The sheer number of 'solutions' put forward also causes concern. Having staff responsible for e-business who may have come from marketing rather than a technical focus has not helped.

    One attended a conference attended an 'e-tailing conference' to gain knowledge. But was dismayed to find that he was unable to cope with the technology.

    Another moaned, "There's a mind blowing plethora of suppliers out there. I've been struggling over the past few weeks to try and get some kind of objective value judgement between three companies. But they are all coming at it from slightly different ways. It's a challenge to get them to some sort of starting line where I can compare apples and apples."

    Perhaps not surprisingly, few respondents were confident enough to suggest they were at the forefront of their sectors. Even among those organisations that seem to be more advanced than others, there remains a degree of uncertainty.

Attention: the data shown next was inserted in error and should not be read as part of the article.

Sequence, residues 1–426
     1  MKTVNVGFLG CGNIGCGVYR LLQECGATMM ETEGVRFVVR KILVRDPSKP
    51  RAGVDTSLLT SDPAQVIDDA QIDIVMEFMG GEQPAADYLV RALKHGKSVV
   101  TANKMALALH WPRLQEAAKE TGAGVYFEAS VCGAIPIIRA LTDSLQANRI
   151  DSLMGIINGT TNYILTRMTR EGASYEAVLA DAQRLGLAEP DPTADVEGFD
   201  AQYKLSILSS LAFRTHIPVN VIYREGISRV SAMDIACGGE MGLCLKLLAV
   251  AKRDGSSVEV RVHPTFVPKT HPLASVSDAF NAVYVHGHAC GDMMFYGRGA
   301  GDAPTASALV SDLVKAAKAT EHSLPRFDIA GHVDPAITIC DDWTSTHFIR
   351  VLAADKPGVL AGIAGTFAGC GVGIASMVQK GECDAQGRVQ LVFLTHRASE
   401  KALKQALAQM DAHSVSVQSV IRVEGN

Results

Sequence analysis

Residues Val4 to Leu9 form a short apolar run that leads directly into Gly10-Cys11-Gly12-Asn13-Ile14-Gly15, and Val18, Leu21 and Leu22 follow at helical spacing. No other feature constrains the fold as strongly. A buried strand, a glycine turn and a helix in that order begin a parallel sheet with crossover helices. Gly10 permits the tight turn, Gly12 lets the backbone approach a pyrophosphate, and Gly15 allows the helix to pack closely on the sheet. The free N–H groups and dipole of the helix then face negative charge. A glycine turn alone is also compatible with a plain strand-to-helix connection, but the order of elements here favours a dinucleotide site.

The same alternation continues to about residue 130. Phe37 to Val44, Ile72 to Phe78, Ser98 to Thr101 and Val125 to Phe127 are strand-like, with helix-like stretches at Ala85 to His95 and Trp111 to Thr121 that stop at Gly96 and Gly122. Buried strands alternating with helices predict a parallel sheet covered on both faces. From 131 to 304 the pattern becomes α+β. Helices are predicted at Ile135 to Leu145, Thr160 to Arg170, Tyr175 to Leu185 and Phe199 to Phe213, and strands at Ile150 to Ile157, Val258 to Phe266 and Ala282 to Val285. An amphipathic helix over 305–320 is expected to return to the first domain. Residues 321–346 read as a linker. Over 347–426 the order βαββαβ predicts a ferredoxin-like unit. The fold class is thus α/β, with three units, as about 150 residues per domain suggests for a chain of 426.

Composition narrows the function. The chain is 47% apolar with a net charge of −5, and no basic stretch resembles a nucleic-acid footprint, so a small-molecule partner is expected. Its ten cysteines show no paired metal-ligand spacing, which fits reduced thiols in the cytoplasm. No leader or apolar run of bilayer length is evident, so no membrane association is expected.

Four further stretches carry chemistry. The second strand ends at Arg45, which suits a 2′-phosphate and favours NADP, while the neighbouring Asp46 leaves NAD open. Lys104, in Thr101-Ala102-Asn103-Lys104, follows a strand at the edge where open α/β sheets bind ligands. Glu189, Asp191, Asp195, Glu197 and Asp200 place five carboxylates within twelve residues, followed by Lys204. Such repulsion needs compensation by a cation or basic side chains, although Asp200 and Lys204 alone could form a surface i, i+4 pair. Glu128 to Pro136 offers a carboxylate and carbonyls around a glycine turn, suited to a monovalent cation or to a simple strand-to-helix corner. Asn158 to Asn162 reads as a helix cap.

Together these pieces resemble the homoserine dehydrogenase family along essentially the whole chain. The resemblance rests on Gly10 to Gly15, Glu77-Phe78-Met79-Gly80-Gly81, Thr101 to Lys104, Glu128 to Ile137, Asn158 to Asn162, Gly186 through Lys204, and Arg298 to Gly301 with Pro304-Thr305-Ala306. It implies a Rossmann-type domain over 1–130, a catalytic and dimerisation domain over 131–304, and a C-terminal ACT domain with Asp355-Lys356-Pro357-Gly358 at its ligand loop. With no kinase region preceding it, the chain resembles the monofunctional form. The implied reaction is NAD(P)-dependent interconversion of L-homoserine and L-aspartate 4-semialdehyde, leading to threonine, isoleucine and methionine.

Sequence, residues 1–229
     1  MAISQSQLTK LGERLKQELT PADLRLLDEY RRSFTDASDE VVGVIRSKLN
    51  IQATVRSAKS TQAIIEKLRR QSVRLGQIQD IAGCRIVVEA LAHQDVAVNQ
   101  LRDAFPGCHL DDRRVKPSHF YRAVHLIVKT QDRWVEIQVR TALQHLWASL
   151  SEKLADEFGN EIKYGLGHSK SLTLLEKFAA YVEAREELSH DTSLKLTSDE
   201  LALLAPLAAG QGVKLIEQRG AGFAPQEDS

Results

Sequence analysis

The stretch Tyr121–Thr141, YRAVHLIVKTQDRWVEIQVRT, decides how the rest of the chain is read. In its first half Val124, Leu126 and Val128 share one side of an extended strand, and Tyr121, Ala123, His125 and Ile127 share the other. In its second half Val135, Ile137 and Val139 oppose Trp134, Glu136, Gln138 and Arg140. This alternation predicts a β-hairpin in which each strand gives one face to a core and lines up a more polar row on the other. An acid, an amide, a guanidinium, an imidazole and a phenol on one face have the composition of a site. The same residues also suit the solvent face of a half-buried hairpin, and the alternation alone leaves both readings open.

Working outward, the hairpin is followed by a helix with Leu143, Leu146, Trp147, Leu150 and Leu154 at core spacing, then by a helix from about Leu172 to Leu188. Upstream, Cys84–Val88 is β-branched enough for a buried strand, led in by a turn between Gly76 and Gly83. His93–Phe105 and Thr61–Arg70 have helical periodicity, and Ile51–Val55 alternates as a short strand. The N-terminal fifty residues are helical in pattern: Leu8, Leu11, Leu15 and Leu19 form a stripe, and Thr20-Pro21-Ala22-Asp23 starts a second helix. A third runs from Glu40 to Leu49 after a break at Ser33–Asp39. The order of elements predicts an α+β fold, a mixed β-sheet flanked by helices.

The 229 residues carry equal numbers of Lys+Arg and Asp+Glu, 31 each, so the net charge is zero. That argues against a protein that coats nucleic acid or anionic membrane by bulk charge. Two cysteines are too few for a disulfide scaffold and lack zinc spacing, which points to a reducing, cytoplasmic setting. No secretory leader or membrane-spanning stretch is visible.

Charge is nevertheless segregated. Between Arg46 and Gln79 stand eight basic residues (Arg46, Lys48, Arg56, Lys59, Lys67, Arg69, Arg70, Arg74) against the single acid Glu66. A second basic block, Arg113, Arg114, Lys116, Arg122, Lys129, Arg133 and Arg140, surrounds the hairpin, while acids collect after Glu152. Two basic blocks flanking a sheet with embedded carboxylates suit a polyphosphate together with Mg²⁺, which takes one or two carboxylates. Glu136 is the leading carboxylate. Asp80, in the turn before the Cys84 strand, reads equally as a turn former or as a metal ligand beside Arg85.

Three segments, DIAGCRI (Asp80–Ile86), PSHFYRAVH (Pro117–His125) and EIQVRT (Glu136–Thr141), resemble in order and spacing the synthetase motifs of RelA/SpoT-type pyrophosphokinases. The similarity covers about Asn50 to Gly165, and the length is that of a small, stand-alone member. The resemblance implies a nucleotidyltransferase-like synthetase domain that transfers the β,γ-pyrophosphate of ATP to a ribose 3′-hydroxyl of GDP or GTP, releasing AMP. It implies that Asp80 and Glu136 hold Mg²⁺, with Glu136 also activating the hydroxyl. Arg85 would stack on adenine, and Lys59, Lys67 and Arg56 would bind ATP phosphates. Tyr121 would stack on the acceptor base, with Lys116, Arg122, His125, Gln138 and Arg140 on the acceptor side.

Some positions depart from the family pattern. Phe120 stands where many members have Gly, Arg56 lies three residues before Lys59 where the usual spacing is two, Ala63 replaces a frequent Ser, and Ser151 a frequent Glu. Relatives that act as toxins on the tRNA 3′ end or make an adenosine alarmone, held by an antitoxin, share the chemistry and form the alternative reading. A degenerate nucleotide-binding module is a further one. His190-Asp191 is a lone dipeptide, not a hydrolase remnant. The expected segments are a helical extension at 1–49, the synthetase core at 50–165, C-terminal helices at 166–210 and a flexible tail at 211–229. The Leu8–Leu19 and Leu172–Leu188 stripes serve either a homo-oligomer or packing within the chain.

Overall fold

One company representative summed up the mood. "I'm a bit schizoid about it. Some days I think nobody else knows more about this than I do, and others, I think they know more than me. I think the bottom line is that we're not way behind, and we're not way in front either. There are a lot of people groping about in the fog, and I'm probably one of them."

    Wish list: e-commerce aims

  • To facilitate the customer
  • To provide product information
  • To act as a shop window
  • To serve as a marketing tool
  • To be seen to have a website
  • To streamline, save time, cut costs